Sometimes no news is good news. News that mortgage interest rates are about to drop isn’t earth-shattering or eye-popping, but it is not necessarily a bad thing at all. Why is that?
I’ve been mentioning for the last few months that lenders are swamped because of the unexpected drop in interest rates this year. I’ve also noted that the spread between their cost of funds and the retail interest rate that you see has grown. While a large spread and free competition should drive interest rates down, no business has a sale when they can’t handle the business they have. Consequently, rates – while near historic lows and lower than anyone predicted this year – have stayed higher than they could be. In theory.
First, let’s look at this from the perspective of the last year. The image to the right charts the Freddie Mac weekly survey of lenders. This charts actual loans locked each week, so it’s a look in the rear-view mirror. The blue line at the top represents 30-year fixed mortgages. You’ll notice that while interest rates are significantly better than a year ago, they have changed very little since January. Significantly, though, we seem to be slipping back to the level of late January – the point right before lenders got slammed with too many applications to handle.
But now lenders are catching up to their backlog. Over the last couple of weeks lenders “quoted turn-times” – their estimate on how long it would take them to complete each cycle of the loan process – has been dropping. In February and March turns times exploded to as much as three weeks for some lenders while they tried to work through the backlog; now they are typically 1 to 3 days for each step.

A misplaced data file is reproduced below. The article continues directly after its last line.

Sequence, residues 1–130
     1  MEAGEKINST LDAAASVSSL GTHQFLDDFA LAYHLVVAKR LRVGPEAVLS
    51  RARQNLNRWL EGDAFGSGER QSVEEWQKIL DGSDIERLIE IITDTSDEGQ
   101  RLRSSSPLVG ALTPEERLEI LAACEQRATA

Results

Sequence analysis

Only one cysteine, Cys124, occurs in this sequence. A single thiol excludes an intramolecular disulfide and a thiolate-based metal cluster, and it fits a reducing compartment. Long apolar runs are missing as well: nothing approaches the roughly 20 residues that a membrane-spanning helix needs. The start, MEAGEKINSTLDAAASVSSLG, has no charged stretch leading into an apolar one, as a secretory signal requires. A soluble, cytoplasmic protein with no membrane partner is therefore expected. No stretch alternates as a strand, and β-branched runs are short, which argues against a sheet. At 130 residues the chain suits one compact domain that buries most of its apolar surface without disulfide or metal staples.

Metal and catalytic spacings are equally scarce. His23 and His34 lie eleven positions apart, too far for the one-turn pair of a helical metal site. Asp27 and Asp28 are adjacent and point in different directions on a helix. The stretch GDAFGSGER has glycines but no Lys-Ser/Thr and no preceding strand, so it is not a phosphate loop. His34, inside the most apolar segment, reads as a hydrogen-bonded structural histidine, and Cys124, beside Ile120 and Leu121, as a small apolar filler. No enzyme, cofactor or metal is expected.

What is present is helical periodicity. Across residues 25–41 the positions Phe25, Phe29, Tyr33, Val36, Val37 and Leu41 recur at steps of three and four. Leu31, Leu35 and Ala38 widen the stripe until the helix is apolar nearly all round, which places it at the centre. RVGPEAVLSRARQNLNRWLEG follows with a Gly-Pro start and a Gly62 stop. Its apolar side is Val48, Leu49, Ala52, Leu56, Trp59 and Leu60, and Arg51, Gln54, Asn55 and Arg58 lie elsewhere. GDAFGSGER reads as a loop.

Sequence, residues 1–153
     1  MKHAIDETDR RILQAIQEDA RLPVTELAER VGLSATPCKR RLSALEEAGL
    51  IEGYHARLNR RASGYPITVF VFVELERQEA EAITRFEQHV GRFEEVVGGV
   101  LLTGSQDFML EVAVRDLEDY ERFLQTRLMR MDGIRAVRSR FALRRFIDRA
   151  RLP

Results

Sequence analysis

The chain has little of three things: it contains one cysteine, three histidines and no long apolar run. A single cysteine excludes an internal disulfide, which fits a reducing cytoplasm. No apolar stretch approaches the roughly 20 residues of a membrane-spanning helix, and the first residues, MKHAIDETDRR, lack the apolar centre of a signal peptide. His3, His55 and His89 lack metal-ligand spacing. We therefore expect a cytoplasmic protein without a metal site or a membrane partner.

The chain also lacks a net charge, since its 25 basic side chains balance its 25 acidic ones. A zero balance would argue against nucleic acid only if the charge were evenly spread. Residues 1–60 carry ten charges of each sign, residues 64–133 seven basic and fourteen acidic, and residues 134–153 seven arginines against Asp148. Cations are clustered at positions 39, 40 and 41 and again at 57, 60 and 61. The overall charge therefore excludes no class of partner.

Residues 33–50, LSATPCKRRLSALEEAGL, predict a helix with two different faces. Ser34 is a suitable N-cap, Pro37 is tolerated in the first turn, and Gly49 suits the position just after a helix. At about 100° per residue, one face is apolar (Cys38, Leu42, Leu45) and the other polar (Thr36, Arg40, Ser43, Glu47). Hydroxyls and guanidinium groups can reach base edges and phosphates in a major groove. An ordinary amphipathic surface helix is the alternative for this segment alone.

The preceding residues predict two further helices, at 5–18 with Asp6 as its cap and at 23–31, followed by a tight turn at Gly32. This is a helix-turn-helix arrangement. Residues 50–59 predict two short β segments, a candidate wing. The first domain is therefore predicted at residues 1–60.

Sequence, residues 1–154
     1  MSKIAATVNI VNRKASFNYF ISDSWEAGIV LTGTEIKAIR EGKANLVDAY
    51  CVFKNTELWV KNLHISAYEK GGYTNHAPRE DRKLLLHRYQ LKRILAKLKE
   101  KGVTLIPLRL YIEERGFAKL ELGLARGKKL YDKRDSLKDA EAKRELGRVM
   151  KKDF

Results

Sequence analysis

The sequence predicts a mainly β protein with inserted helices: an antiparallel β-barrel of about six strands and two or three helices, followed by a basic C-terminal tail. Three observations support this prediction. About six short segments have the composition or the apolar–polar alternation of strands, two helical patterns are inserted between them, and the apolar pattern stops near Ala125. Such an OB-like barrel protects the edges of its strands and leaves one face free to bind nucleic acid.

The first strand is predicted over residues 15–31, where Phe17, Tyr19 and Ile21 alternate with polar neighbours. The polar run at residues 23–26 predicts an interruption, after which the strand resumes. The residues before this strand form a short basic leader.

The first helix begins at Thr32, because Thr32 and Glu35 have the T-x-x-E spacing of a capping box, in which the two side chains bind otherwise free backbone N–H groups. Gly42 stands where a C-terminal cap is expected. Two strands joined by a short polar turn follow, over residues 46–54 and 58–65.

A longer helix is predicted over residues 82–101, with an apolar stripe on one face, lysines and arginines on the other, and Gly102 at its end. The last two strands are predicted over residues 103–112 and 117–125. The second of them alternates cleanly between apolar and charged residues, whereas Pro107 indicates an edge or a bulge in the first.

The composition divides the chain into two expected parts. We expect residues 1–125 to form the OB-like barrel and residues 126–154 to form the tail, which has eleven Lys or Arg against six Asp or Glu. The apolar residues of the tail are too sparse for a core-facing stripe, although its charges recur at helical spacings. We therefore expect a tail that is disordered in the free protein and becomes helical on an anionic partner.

If the cost of funds stays low, therefore, retail interest rates could well come down. So are they? Not yet…
Take a look at the image on the left, which by now you’ve seen before if you read this blog. The red line at the bottom charts the 10-Year U.S. Treasury bonds, which does not directly affect mortgage rates, but does tend to track them fairly closely. Notice we had a quick dip in mid-January, a nadir in early February, a bump up, a higher dip in late February, and then a steady rise since then. But in the last two weeks a nice trend has been developing downward again.
The blue line charts the Fannie-Mae 60-day yield – the rate that Fannie Mae quotes lenders for loans that the lender will deliver 60 days from now. Fannie sets this rate based on what investors are paying for the mortgage-backed securities that Fannie issues, so although the rate is “set” by Fannie, it follows markets pretty closely. Note that this interest rate follows the bond market up sharply, but down slowly. We like to say that mortgage rates jump up, and settle down. You can see that once again they are lagging movement downward in the 10-year bond, as investors wait to see if the trend holds.
Finally, the green line charts interest rates of loans that were actually locked each week. This therefore adds the influence of the decisions made by mortgage companies about retail pricing. When the gap between the blue and green line narrows, gross profit narrows. When it widens, gross profits go up. Notice how wide it was during February – why have a sale when your store is so full of customers you can’t get to them all?
Now notice that the gap (spread) between the red and blue line is widening this week, indicating pressure on investors moving forward to reduce their yield requirement on mortgage-backed securities. Then, notice that the gap between the green line and the blue line is already widening, meaning the pressure on lenders to improve retail pricing could rise soon, especially if lenders are catching up with their backlog.
So are interest rates about to drop? If the 10-year yield continues to drop tomorrow (Friday) and next week, expect interest rates fall next week. If they fall back to the level of early February (and they are very close to that now) then if you do apply for a loan, expect it to take a while to get through the system.
Are you in the market for a refinance? If interest rates are about to drop as I think, let’s talk now, not two weeks from now.